This is a bias that cannot be overcome by any single practice at one point in time. Only through regular cognisance and right evaluations we can overcome this bias. Once a task is completed, it helps to analyse the task and determine the root-cause of the outcome.

Performing such root-cause analysis on both the positive and negative outcomes can create the linkage between our line of reasoning and the result. It is important to identify and acknowledge our faulty reasoning and its impact on the outcome when performing this analysis. Over a period, through constant learning, our belief on the influence of luck in results will get reduced.

A closely related bias is where one is over-confident of his or her skills and competence, and consequently, data and information related to these skills are considered to be more important.

Confirmatory Bias

Confirmatory bias is the one, which the person filters out the evidence and takes in only those that confirm his or her views. Very often most of us fall into this bias unconsciously. We tend to form a view at the earliest opportunity; subsequently, only some pieces of evidence, which aligns to our view, would we consider, even though other evidences may be contrary to our view. We will listen to those who favour our opinion and ignore others.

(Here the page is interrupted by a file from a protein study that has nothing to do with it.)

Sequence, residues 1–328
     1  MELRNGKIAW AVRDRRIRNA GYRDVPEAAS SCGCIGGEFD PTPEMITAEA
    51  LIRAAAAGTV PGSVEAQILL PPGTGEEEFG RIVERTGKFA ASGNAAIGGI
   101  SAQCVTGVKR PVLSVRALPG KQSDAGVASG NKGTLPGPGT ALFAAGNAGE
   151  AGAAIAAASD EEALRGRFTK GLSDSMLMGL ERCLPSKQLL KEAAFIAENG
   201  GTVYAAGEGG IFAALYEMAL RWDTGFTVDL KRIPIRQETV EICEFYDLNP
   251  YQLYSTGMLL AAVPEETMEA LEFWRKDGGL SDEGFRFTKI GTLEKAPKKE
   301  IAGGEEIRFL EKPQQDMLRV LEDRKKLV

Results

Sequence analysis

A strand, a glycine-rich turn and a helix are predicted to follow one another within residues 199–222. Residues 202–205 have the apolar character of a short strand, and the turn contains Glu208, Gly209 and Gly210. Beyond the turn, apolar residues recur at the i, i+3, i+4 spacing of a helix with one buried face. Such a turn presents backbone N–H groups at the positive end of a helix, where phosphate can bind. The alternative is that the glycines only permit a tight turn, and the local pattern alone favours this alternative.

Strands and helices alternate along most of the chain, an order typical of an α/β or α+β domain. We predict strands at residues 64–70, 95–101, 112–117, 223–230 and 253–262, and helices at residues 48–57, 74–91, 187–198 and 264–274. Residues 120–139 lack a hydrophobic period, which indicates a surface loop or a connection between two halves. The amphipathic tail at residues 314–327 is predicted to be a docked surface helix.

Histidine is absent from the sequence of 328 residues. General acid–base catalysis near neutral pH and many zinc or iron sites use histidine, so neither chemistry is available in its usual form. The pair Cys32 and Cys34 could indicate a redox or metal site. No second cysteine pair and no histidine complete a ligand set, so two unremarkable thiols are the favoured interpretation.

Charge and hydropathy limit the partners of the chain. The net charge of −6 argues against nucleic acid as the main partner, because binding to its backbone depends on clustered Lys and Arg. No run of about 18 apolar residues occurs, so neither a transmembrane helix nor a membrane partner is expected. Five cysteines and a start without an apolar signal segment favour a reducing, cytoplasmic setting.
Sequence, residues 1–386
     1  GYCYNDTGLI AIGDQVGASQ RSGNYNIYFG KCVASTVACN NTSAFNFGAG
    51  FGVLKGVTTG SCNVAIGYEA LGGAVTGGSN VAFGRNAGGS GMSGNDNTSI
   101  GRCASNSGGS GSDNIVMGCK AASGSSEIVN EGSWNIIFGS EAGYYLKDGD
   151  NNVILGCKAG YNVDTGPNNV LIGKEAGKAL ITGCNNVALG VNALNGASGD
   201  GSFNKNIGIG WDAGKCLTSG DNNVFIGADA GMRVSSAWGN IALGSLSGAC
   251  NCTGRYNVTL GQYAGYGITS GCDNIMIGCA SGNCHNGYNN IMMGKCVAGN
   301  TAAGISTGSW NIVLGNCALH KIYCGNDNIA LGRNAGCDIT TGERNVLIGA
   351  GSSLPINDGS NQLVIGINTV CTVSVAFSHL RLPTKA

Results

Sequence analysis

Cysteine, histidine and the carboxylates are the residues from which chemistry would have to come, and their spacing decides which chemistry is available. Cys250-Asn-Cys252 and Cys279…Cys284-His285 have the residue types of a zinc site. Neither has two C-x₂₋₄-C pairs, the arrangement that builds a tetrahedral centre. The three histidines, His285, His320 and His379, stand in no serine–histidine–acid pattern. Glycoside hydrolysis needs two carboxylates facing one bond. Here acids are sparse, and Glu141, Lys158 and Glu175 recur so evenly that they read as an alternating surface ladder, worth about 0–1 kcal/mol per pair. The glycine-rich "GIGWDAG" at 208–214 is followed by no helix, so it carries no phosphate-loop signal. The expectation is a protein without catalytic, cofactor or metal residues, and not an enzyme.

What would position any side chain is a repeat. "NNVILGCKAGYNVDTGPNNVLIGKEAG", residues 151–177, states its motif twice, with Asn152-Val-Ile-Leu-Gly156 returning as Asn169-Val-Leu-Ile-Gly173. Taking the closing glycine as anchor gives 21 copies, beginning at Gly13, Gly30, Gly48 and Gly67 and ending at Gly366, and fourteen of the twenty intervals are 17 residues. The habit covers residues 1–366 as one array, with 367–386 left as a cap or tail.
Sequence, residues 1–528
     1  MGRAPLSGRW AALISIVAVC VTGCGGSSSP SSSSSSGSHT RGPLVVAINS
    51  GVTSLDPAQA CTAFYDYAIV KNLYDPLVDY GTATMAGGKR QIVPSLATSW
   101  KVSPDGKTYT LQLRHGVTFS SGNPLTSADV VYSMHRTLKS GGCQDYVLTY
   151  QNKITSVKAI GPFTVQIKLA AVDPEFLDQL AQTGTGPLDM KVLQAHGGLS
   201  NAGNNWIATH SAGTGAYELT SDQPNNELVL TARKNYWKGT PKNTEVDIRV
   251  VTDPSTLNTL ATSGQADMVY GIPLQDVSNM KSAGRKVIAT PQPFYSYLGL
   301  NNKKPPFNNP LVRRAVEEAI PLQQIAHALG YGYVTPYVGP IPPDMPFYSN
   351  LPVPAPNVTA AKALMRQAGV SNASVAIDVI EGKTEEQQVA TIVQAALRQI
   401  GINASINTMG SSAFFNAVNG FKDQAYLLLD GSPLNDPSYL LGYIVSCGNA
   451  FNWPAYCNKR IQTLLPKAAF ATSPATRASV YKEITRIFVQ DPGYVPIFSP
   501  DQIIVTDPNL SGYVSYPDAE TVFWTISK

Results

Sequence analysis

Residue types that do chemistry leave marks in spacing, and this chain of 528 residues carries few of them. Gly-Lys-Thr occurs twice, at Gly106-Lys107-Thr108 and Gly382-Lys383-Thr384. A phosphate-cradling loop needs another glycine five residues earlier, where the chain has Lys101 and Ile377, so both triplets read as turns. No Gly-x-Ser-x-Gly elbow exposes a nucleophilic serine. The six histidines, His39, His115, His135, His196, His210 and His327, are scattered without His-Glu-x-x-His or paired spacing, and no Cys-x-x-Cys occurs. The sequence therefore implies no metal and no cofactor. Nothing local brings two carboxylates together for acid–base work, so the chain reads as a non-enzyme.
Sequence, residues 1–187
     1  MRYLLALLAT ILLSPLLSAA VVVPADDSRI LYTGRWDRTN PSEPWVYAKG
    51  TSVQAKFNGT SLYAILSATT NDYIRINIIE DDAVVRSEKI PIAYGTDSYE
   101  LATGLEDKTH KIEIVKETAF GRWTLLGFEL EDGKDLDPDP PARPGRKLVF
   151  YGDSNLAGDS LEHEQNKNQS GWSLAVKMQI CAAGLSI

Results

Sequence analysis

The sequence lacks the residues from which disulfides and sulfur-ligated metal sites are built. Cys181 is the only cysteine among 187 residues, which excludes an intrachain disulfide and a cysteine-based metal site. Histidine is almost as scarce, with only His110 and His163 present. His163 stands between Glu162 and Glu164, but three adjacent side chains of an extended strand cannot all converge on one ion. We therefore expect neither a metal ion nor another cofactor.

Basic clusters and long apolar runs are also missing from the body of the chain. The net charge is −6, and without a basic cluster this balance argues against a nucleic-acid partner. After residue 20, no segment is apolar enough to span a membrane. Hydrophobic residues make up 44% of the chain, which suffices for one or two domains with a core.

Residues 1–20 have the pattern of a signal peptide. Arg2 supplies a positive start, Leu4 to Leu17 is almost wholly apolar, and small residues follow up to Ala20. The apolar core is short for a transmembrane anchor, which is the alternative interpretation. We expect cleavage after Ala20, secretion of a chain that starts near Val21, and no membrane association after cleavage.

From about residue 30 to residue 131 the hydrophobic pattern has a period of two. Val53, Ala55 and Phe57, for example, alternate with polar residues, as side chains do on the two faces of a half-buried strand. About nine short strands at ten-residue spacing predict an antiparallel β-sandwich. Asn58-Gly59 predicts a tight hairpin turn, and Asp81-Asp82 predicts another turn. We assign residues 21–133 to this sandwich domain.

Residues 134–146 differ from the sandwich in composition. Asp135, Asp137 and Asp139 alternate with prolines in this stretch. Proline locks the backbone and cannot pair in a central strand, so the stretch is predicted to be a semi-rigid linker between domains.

This bias could be overcome by consciously looking for any pieces of evidence that contradicts our view. At first, it might be difficult, but by practice, this skill can be sharpened.

Group bias

Also called the herd mentality, group bias arises being influenced by the majority of those in our group. This is a form of peer-bias, where our peers hold a significant influence over our decisions. The social conditions would influence our decision.

For example, choice of career is often influenced by one’s peers; the most common stereotype is Lawyer, Engineer or Doctor. Will such careers suit the individual's personality and passion; no such question would be asked.

A slight variant of this is the model bias, where we happen to be influenced by our role model, or someone who we idolize. We tend to carry this influence even in those facets of our life for which the role model is not well-known for. For example, Sachin Tendulkar is my favourite cricketer. And, if he is known to prefer a particular colour dress, I will bring myself to like the same colour.